Response by Watts et al to Letter Regarding Article, "Factorial Effects of Evolocumab and Atorvastatin on Lipoprotein Metabolism".


Circulation. 2017;136:120–121. DOI: 10.1161/CIRCULATIONAHA.117.028790 120 Gerald F. Watts, DSc, PhD, DM Dick C. Chan, PhD Ransi Somaratne, MD, MBA Scott M. Wasserman, MD Marc S. Sabatine, MD, MPH In Response: The FLOREY trial (Effects on Lipoprotein Metabolism From PCSK9 Inhibition Utilizing a Monoclonal Antibody) uniquely demonstrated that evolocumab increases catabolism and lowers production of low-density lipoprotein (LDL) particles.1 The evolocumab dose was chosen to elucidate how maximal inhibition of proprotein convertase subtilisin/kexin type 9 regulates lipoprotein metabolism. Given the comparable ranges of plasma LDL-cholesterol,1,2 it is likely that a similar mode of action of evolocumab applies to changes in atherogenic lipoproteins in the FOURIER trial (Further Cardiovascular Outcomes Research With PCSK9 Inhibition in Subjects With Elevated Risk). Another investigation with a lower dose of alirocumab suggested a similar mechanism in a smaller number of subjects of mixed sex and race.3 Given the primacy of the LDL receptor pathway in controlling LDL-cholesterol, the mechanism described in FLOREY is likely to apply to individuals with diverse characteristics and ethnicity. No specific adverse events occurred with the higher dose evolocumab.1 Although data from FLOREY provide new mechanistic insights for the clinical observations in the FOURIER cardiovascular outcomes trial, data from the latter were not part of our article. Nevertheless, in response to Dr Koh’s comments, one must note that it takes time for LDL-cholesterol lowering to translate into a reduction in atherosclerotic events. The CTTC (Cholesterol Treatment Trialists’ Collaboration) analyzed 26 statin trials with a median duration of 5 years. The relative risk reduction of cardiovascular events in year 1 was ≈50% to 75% of subsequent years owing to delayed effects of treatment. A landmark analysis in FOURIER (Figure VI in the online-only Data Supplement),2 which had a median duration of 2.2 years, demonstrated that per 1 mmol/L reduction in LDL-cholesterol, the risk reductions with evolocumab in years 1 and 2 were consistent with the risk reductions with statins in years 1 and 2 in the CTTC.2 Dr Koh posits that more prolonged exposure to extremely low LDL-cholesterol could lead to neurocognitive dysfunction, cataract, and new-onset diabetes mellitus. In FOURIER, the rate of these adverse events was similar with evolocumab versus placebo across a wide range of LDL-cholesterol concentrations. The detailed Ebbinghaus study (Evaluating PCSK9 Binding Antibody Influence on Cognitive Health in High Cardiovascular Risk Subjects) also showed no impact of either evolocumab or low LDL-cholesterol on neurocognitive function. The long-term safety of evolocumab over 44 months is supported by a recent report.4 There is also no biological basis to implicate LDL-cholesterol lowering with evolocumab in neurocognitive dysfunction or cataracts. Nevertheless, to consolidate the long-term safely of evolocumab, open-label extensions involving ≥6000 patients from FOURIER are underway (NCT02867813, NCT03080935). The emergent risk of diabetes mellitus in subjects with preexisting glucose intolerance in Mendelian randomization studies is noteworthy. However, inferences from Mendelian randomization studies are not absolute because of Response by Watts et al to Letter Regarding Article, “Factorial Effects of Evolocumab and Atorvastatin on Lipoprotein Metabolism”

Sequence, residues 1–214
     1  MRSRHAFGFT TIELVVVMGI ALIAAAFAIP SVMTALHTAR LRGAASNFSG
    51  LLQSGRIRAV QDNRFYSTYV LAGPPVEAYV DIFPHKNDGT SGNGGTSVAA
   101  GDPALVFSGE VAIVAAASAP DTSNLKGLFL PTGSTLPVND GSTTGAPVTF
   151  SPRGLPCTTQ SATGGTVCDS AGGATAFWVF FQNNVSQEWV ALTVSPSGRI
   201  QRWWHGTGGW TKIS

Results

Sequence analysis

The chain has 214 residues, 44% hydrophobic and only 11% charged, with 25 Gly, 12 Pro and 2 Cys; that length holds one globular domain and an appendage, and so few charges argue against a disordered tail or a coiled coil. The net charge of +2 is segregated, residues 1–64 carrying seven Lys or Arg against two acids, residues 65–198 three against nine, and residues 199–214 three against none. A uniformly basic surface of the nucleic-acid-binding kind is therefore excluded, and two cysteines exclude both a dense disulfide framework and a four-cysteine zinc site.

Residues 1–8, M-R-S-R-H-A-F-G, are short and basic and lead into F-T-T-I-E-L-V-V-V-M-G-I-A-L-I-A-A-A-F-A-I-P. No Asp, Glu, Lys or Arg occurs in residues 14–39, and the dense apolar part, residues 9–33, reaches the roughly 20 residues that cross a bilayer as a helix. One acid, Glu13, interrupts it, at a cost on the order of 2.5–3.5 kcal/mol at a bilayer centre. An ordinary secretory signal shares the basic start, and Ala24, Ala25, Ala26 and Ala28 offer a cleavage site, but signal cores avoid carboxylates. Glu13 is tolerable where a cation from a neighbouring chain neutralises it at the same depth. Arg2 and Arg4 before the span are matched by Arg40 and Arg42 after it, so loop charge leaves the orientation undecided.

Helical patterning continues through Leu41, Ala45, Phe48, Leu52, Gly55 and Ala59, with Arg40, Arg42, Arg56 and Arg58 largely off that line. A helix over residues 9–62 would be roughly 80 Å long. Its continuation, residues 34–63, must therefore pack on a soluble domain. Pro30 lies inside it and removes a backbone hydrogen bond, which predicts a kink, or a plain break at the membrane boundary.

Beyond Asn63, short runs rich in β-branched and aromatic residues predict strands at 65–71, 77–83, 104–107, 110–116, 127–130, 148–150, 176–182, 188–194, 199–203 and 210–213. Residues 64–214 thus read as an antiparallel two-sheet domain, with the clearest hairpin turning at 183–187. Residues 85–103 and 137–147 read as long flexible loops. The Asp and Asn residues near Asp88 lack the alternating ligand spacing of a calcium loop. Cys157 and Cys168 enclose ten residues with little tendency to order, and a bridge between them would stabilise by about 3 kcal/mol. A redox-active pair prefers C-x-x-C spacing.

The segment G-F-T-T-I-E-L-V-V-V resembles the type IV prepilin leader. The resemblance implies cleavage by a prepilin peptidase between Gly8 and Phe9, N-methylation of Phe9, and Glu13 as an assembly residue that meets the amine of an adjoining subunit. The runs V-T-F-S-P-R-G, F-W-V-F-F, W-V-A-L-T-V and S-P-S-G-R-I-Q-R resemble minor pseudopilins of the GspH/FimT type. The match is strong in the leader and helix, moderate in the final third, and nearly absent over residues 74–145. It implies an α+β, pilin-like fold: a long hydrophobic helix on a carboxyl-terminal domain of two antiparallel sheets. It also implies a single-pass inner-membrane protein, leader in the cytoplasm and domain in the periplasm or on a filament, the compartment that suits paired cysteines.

DOI: 10.1161/CIRCULATIONAHA.117.028790

Cite this paper

@article{Watts2017ResponseBW, title={Response by Watts et al to Letter Regarding Article, "Factorial Effects of Evolocumab and Atorvastatin on Lipoprotein Metabolism".}, author={Gerald F . Watts and Dick C. Chan and Ransi Somaratne and Scott M . Wasserman and Marc S. Sabatine}, journal={Circulation}, year={2017}, volume={136 1}, pages={120-121} }